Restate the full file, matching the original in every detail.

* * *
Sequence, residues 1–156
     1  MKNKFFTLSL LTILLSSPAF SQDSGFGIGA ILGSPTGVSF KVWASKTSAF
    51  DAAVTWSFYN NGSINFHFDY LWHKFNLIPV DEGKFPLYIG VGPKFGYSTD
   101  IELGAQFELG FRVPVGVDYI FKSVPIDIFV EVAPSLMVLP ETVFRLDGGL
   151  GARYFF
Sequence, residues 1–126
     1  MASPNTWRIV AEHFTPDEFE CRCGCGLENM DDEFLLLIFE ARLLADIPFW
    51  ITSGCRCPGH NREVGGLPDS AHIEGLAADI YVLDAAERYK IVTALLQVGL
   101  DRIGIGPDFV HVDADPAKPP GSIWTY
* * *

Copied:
Sequence, residues 1–156
     1  MKNKFFTLSL LTILLSSPAF SQDSGFGIGA ILGSPTGVSF KVWASKTSAF
    51  DAAVTWSFYN NGSINFHFDY LWHKFNLIPV DEGKFPLYIG VGPKFGYSTD
   101  IELGAQFELG FRVPVGVDYI FKSVPIDIFV EVAPSLMVLP ETVFRLDGGL
   151  GARYFF
Sequence, residues 1–126
     1  MASPNTWRIV AEHFTPDEFE CRCGCGLENM DDEFLLLIFE ARLLADIPFW
    51  ITSGCRCPGH NREVGGLPDS AHIEGLAADI YVLDAAERYK IVTALLQVGL
   101  DRIGIGPDFV HVDADPAKPP GSIWTY